Not long ago, our crew was up California-way, doing some motion picturing in Monterey. Our location was along the edge of the majestic, but mysterious Pacific Ocean. During some b-roll fancifulness, one of our team members was victimized by a rogue wave. While his eyeball was pressed firmly into the eyepiece, fighting the midday sun, wave after wave of cool, refreshing, salty sea water crashed below along the rock ledge. Trouble was closing in though. Like a prowling tiger shark stalking it’s prey, a twenty foot wave was racing inland. By the time the audio technician was able to spot the beast, it was too late. The thunderous noise of the smaller waves was enough to drown out his cries (in retrospect, the audio guy was a little preoccupied snapping photographs of the impending doom to try to warn of the danger). Our cameraman was deep in a rack focus when it happened. In an instant, the entire northeastern Pacific ocean emptied it’s contents onto our hero; it was as if Neptune was taking out a millennia of anger on David and our camera. After the initial attempted drowning, our hero dashed inland in hysterical fear, Neptune’s trident striking valiantly. Fortunately, David was not swept out to sea, only to be remembered as Tom Hanks was in “Cast Away”, unfortunately, our poor camera was lost to a lethal combination of hydrogen, oxygen, sodium, and chloride (H2ONaCL). The lesson we can take away is: don’t get your cameras wet- that’s bad.running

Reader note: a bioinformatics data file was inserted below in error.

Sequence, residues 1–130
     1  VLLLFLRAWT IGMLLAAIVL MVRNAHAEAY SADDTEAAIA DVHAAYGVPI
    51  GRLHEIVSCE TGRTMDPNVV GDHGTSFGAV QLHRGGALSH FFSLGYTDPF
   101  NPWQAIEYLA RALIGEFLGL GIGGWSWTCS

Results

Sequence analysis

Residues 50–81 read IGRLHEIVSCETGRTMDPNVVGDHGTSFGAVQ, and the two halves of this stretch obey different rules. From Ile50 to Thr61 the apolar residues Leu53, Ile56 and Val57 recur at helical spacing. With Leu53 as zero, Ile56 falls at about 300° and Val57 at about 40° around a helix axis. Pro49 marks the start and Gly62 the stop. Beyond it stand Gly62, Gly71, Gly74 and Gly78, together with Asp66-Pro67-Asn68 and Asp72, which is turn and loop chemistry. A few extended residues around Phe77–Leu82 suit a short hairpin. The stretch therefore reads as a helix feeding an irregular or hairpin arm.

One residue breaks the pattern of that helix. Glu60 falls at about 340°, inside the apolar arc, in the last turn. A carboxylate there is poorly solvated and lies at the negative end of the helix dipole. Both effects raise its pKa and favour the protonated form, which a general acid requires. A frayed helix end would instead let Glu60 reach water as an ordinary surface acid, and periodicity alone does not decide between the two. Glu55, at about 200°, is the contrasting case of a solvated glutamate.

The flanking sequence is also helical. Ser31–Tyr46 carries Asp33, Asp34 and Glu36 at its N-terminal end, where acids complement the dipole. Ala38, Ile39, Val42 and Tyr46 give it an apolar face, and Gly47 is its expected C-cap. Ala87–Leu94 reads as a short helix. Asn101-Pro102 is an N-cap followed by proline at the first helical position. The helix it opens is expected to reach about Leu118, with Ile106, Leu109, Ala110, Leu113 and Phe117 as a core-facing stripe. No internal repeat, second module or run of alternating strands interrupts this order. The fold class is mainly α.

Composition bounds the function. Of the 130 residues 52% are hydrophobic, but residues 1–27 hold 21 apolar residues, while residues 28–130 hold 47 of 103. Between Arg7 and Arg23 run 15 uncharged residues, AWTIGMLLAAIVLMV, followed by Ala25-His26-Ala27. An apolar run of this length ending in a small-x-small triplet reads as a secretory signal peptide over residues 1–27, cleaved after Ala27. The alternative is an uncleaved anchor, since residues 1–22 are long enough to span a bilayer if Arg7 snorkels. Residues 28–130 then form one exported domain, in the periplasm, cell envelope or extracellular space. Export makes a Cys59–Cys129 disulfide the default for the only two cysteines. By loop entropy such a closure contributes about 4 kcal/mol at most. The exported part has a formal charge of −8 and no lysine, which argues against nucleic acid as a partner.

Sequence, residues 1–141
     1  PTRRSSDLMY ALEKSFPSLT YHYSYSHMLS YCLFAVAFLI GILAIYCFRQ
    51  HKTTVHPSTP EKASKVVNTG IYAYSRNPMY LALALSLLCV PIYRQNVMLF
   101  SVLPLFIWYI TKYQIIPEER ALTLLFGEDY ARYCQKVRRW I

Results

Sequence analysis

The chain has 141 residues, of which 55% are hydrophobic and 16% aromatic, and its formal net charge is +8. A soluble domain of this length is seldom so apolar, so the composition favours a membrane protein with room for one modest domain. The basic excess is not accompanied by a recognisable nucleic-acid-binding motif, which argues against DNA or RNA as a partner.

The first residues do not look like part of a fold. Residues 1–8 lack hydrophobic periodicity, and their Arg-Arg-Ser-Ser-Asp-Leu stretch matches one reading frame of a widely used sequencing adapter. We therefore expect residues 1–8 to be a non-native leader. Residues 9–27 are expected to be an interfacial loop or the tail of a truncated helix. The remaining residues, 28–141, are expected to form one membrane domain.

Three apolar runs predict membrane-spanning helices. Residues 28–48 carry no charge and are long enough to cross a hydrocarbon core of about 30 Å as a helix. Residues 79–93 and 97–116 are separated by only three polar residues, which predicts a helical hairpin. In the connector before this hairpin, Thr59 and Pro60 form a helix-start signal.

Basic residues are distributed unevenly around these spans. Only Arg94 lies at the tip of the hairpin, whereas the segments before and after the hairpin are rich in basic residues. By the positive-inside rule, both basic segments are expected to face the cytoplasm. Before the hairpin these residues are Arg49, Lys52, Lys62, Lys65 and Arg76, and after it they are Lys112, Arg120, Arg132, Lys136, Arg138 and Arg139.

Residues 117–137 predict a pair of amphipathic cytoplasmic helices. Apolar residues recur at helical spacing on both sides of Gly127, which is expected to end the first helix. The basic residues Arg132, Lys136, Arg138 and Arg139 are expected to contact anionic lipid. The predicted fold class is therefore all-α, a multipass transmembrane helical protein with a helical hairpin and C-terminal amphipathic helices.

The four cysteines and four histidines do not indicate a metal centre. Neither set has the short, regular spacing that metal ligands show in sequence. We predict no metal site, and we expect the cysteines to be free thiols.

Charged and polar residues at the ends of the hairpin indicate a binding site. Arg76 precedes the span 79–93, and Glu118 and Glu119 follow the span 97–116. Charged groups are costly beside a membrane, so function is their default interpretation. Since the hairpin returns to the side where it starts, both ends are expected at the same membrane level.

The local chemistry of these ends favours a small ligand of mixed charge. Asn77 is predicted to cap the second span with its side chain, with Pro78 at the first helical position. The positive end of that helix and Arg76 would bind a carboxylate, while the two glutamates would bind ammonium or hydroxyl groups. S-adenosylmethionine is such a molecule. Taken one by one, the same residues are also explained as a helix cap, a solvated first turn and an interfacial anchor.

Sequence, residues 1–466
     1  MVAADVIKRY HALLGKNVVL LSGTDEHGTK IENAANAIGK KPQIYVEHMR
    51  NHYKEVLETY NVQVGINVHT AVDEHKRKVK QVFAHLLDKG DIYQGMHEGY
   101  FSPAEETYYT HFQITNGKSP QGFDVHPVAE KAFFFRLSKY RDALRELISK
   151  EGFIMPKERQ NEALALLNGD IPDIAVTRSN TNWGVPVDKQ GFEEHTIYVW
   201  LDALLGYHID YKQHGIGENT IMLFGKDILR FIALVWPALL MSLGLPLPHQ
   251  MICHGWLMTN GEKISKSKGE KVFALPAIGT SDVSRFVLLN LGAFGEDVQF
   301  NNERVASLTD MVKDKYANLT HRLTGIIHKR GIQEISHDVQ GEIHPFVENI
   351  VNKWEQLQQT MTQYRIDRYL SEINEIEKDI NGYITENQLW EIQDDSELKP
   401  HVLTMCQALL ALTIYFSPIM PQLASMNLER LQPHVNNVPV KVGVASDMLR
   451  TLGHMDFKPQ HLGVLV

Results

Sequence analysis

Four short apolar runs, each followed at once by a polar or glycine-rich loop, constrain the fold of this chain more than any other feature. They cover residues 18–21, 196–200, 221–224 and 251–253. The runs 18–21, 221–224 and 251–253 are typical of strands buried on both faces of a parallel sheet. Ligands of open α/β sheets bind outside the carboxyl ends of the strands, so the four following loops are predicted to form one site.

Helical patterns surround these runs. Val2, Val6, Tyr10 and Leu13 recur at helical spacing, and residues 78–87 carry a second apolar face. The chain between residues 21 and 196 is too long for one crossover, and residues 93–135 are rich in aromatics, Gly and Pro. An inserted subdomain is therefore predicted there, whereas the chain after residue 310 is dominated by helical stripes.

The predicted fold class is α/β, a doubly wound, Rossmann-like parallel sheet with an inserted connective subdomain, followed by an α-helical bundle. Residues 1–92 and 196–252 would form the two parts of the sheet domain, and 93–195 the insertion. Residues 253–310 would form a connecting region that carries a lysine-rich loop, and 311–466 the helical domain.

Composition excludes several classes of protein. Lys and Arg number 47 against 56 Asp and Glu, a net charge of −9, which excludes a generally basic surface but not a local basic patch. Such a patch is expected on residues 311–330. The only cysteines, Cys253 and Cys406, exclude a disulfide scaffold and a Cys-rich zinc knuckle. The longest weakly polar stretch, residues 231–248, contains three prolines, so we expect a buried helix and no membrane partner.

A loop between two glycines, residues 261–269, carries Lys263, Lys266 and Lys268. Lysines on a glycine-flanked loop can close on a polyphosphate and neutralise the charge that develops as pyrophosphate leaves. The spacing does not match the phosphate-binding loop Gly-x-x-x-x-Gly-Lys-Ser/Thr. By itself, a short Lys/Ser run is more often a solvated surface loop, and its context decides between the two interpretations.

Written By

James Moore

James Moore is an associate producer at FiveSix Productions in Las Vegas, Nevada. He has a B.S. in Film from Full Sail University, and enjoys nature photography and script writing on the side.